|US20050283118 *||Jun 24, 2005||Dec 22, 2005||Joshua Uth||Implantable medical device with simulataneous attachment mechanism and method|
|US20050283119 *||Jun 24, 2005||Dec 22, 2005||Joshua Uth||Implantable medical device with reversible attachment mechanism and method|
|US20060190039 *||Sep 15, 2004||Aug 24, 2006||Janel Birk||Implantable device fastening system and methods of use|
|US20060293625 *||Jun 24, 2005||Dec 28, 2006||Hunt John V||Implantable medical device with cover and method|
|US20060293626 *||Jun 24, 2005||Dec 28, 2006||Byrum Randal T||Applier for implantable medical device|
|US20060293627 *||Jun 24, 2005||Dec 28, 2006||Byrum Randal T||Applier with safety for implantable medical device|
|US20060293628 *||Jun 24, 2005||Dec 28, 2006||Hunt John V||Implantable medical device with indicator|
|US20070010790 *||Jun 24, 2005||Jan 11, 2007||Byrum Randal T||Injection port|
|US20070208313 *||May 7, 2007||Sep 6, 2007||Ethicon Endo-Surgery, Inc.||Method of implanting a fluid injection port|
|US20070293829 *||Aug 27, 2007||Dec 20, 2007||Conlon Sean P||Method of implanting a fluid injection port|
|US20100286649 *||Jul 26, 2010||Nov 11, 2010||Allergan, Inc.||Implantable device fastening system|
|1||Abstract for DE 42 11 05.|
|2||Abstract for EP 0 858 814.|
|3||Australian Search Report and Written Opinion dated Nov. 20, 2007 for Application No. SG200604066.|
|4||Australian Search Report dated Aug. 31, 2007 for Application No. SG200604149-5.|
|5||EPO Search Report dated Aug. 19, 2004 for Application No. 04253581.|
|6||EPO Search Report dated Oct. 13, 2006 for Application No. 06253285.|
|7||EPO Search Report dated Oct. 16, 2006 for Application No. 06253284.|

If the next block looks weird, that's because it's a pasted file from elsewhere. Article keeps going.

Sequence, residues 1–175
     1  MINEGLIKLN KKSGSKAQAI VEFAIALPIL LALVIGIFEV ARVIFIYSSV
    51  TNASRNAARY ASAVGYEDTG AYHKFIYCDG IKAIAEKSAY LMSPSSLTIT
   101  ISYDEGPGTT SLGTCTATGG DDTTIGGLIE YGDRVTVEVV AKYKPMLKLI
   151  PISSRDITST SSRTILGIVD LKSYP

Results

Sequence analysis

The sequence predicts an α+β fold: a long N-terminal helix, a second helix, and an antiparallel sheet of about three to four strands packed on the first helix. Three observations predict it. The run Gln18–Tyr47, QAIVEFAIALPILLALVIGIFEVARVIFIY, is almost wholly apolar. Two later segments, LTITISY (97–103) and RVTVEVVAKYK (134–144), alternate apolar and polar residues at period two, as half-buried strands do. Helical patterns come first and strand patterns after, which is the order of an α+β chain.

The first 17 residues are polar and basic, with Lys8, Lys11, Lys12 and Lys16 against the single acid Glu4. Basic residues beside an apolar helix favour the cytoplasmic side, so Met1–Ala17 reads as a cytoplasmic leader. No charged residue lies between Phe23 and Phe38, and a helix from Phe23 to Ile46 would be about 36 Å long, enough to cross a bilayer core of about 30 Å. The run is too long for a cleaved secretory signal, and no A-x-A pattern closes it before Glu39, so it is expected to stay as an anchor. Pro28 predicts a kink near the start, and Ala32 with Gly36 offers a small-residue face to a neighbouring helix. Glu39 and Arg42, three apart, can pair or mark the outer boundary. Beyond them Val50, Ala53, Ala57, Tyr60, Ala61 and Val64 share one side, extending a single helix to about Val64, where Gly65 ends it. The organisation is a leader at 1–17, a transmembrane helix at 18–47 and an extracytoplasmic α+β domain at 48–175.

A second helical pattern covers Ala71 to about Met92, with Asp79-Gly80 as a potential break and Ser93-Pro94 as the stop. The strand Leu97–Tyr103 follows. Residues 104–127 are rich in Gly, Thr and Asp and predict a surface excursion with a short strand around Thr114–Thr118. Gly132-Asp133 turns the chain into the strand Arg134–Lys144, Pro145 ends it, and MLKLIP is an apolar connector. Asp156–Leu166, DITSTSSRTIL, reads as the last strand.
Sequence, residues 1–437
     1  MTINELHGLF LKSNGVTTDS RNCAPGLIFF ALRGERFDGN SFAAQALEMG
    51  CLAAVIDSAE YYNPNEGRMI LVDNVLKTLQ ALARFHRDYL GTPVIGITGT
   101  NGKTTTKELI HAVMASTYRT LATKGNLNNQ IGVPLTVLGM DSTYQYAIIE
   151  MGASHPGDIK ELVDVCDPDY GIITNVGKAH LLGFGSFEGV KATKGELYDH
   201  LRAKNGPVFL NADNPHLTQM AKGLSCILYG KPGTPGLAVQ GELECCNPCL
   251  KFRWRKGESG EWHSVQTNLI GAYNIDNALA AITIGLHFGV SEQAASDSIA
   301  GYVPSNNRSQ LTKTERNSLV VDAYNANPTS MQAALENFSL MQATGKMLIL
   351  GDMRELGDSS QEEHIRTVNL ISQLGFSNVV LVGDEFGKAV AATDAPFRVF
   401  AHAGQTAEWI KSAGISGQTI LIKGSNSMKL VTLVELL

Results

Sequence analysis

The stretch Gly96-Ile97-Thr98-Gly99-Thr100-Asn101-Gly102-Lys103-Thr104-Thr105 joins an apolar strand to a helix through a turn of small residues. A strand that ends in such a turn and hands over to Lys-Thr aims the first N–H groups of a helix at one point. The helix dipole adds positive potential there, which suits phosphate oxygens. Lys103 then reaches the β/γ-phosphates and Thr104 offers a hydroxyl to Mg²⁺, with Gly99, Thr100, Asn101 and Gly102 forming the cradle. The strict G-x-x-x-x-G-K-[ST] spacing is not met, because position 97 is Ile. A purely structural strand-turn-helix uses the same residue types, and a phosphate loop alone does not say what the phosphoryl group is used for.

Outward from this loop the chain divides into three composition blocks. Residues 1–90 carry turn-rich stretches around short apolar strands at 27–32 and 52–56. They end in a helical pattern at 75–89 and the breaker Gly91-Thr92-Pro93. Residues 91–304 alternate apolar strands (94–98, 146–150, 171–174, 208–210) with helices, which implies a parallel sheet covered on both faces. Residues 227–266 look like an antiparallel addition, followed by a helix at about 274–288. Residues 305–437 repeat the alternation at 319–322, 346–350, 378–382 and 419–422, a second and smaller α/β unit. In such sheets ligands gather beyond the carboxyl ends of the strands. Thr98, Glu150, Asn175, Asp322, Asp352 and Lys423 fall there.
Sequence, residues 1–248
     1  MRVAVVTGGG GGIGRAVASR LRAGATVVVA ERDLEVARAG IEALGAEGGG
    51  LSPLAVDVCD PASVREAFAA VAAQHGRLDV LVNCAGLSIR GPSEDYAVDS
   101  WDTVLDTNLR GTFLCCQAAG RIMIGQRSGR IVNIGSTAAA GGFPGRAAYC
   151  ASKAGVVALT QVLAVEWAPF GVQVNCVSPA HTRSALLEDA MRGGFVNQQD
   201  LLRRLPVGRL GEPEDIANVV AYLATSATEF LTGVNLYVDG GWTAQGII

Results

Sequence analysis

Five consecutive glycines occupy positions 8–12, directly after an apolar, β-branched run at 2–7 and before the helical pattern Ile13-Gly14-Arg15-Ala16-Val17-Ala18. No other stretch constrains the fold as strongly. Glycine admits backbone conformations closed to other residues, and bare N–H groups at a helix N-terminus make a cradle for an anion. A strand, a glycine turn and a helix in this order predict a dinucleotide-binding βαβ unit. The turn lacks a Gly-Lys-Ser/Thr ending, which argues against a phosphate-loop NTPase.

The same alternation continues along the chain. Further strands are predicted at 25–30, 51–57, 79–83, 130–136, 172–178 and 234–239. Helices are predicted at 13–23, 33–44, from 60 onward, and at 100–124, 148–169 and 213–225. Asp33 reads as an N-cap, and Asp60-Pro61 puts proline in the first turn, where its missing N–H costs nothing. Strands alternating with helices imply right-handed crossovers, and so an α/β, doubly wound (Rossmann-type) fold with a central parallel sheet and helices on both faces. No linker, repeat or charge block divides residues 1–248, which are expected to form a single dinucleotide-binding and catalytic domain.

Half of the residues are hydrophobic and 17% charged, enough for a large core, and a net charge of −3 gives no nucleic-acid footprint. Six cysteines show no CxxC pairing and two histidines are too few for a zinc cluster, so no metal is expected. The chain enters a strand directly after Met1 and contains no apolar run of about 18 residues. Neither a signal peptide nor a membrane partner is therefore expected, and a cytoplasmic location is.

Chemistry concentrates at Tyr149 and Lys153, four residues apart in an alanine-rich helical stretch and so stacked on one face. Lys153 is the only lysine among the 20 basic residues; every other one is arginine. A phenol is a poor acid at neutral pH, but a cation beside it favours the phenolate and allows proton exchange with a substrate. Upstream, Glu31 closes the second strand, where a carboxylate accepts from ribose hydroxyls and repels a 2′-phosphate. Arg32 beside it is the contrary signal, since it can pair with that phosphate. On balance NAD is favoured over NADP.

|8||EPO Search Report dated Oct. 4, 2005 for Application No. 05253363.|
|9||EPO Search Report dated Oct. 4, 2006 for Application No. 06253285.|
|10||Examination Report dated Jan. 15, 2009 for Application No. 04/253,581.|
|11||Examination Report dated Jan. 18, 2008 for Application No. 05/253,363.|
|12||Examination Report dated Jul. 10, 2008 for Application No. 05/253,363.|
|13||Examination Report dated Nov. 24, 2006 for U.S. Appl. No. 04/253,581.|
|14||Examination Report dated Nov. 30, 2006 for Application No. 05/253,363.|
|15||Examination Report dated Oct. 22, 2007 for Application No. 04/253,581.|
|16||Extended EPO Search Report dated Jan. 16, 2007 for Application No. 06253276.|
|17||Partial EPO Search Report dated Oct. 11, 2006 for Application No. 06253276.|
|18||U.S. Appl. No. 60/478,763, filed Jun. 16, 2003, Conlon et al.|
|19||U.S. Appl. No. 60/503,074, filed Sep. 15, 2003, Birk et al.|
| || |
|U.S. Classification||606/151, 604/175|
|International Classification||A61B17/12, A61M5/142, A61M39/02, A61B17/064, A61B17/068, A61N1/375, A61M39/12, A61M5/32, A61M5/00, A61N1/05, A61B17/00|
|Cooperative Classification||A61N2001/0578, A61B2017/00867, A61M39/12, A61F5/0056, A61N1/372, A61M5/14276, A61B2017/0649, A61B2017/3492, A61N1/375, A61M2039/0232, A61N1/0573, A61M2039/0223, A61B17/068, A61M39/0208, A61B17/064, A61B2017/3407|